At the time of the shooting, only the Agent and the Assisting Trooper were inside the apartment with Todashev. The Task Force Officer and Lead Trooper, who were outside the apartment when the shooting occurred, entered immediately after the shooting. Additionally, three neighbors witnessed some corroborative conduct at the time of the shooting. While there are audio/video recordings of the interview of Todashev earlier that evening, there are no recordings of the shooting. All witness accounts are consistent with each other and are corroborated by the physical and forensic evidence. And, no physical or forensic evidence contradicts the witness accounts. The Agent and the two troopers engaged Todashev in conversation inside the apartment for approximately four hours. The Massachusetts Investigative Team members’ accounts of the interview are consistent with audio/video recordings made contemporaneously by the troopers. Todashev was polite, calm, articulate, and, at the same time, reticent. He never asked the investigators to leave or to discontinue the interview. Balancing between the competing factors of developing an amicable rapport conducive to gaining information and the potential risk presented by a murder suspect in the freedom of his own residence, the Massachusetts Investigative Team did not initially search Todashev’s person or the apartment for weapons. A. Witness Accounts, Text Messages and Video
The first floor consisted of two rooms; a living room and a kitchen between which there was a counter, permitting viewing from one room into the other (see Attachment A, a diagram of the first floor and items present after the shooting). A small hallway, accessing the front outside door, ran from the living room next to the kitchen with an entryway between the hallway and the kitchen. At the other end of the apartment was a sliding glass door that led directly outside. A stairway led to the upstairs bedroom and bathroom. Significantly, the investigative team was aware that an approximately four-foot long sharp metal-bladed sword was hanging on the stairwell post in the living room. The interview was conducted in the living room while Todashev stood or sat on a bed mattress in front of the sliding door in the back of the room. During the lengthy interview, the investigators permitted Todashev to move around the apartment, drink water, smoke cigarettes, and take bathroom breaks upstairs. While Todashev smoked, he opened and closed the unlocked sliding door to the outside to ventilate the room. 4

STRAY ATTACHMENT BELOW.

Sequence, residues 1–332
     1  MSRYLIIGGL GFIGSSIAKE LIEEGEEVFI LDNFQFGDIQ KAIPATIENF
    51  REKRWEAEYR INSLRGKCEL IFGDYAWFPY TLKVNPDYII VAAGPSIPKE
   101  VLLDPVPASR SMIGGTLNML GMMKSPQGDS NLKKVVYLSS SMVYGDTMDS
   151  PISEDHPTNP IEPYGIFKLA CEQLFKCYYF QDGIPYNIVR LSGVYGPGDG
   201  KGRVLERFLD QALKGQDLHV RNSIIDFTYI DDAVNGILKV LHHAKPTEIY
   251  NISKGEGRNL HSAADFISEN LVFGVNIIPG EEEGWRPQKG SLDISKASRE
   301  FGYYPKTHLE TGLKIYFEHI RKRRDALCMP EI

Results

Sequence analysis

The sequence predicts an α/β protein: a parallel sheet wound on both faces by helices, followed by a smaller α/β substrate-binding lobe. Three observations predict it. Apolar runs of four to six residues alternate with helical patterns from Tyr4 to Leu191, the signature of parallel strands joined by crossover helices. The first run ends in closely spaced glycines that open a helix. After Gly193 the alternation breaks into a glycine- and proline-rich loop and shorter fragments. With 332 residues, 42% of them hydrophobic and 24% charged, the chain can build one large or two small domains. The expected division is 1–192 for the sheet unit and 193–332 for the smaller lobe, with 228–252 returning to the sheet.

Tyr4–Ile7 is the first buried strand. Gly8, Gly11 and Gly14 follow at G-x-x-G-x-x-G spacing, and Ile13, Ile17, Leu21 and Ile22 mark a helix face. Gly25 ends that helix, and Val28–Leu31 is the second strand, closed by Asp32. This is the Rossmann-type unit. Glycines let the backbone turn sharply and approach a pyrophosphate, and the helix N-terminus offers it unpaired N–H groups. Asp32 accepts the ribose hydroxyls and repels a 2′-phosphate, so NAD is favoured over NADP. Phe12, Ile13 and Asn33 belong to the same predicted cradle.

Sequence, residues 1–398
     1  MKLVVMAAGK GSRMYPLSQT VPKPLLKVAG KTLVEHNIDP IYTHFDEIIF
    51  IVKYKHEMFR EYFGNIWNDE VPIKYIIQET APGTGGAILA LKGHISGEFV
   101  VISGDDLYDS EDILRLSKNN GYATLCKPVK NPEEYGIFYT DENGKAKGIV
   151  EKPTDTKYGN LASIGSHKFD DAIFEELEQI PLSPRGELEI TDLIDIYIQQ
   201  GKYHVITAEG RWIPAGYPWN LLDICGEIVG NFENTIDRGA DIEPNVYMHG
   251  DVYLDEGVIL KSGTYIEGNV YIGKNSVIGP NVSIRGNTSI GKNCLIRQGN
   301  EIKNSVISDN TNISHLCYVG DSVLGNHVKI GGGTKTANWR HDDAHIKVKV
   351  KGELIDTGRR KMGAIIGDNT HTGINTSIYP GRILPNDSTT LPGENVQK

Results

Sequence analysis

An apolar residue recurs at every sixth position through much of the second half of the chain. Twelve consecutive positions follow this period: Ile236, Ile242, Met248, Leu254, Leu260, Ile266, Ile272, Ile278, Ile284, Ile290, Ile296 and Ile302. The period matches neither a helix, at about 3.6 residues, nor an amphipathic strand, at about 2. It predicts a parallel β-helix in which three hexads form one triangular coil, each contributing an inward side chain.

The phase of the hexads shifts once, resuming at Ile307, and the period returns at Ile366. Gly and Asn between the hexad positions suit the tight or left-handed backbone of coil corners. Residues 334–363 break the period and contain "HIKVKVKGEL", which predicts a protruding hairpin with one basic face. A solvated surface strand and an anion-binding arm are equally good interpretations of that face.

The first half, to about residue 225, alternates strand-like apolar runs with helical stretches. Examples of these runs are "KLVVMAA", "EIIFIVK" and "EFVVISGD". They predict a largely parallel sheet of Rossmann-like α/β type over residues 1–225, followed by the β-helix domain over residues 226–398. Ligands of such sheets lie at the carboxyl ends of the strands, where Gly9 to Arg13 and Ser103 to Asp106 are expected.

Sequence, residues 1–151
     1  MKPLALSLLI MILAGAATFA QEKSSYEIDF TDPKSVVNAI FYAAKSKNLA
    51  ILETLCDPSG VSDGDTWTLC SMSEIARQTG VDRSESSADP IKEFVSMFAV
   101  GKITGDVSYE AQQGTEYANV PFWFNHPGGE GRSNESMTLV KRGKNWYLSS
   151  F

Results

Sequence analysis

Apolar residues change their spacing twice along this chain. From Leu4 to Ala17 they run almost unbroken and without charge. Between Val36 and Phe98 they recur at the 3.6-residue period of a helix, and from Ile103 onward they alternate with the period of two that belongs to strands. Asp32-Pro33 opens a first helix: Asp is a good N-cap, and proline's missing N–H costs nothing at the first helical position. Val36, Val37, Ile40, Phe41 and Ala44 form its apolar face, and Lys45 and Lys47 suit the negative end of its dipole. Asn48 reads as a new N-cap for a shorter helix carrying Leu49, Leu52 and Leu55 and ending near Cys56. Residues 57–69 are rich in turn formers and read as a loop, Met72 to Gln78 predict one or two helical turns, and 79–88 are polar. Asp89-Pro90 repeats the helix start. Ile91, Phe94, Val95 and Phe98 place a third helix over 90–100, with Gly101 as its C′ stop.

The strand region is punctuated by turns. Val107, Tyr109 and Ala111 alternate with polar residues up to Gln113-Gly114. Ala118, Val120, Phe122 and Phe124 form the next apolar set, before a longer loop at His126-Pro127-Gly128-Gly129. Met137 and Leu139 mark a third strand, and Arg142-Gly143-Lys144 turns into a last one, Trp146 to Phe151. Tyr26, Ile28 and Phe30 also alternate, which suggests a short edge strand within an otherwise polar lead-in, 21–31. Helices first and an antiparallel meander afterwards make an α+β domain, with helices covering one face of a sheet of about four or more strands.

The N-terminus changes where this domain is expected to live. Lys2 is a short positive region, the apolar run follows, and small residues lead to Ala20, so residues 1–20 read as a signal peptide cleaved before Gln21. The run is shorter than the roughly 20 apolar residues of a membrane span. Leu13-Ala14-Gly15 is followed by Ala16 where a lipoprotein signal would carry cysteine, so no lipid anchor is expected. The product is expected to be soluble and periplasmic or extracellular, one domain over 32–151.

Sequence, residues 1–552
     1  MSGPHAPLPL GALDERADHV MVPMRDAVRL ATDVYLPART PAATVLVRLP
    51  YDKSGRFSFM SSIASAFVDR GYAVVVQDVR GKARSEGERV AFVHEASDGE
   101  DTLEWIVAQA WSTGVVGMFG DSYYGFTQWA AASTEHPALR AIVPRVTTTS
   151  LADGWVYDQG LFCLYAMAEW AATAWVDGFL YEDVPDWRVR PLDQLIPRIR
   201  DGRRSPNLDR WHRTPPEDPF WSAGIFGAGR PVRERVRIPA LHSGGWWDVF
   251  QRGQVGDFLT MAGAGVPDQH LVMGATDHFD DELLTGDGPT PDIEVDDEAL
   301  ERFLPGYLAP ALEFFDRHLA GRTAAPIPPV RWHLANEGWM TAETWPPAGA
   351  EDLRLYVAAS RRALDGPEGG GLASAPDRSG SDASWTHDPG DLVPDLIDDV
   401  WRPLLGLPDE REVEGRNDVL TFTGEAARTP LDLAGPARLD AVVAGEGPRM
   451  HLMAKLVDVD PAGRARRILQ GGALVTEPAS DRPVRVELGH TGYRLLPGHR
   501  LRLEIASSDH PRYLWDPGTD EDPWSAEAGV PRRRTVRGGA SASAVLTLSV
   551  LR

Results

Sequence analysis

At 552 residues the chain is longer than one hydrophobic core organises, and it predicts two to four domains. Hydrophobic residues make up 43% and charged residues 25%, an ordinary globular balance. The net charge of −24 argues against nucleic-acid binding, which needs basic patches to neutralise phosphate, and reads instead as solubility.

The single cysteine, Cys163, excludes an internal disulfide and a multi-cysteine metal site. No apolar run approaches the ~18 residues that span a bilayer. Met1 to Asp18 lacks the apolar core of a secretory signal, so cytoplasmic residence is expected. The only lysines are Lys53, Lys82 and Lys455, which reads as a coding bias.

U.S. Department of Justice Civil Rights Division Report on the Death of Ibragim Todashev March 25, 2014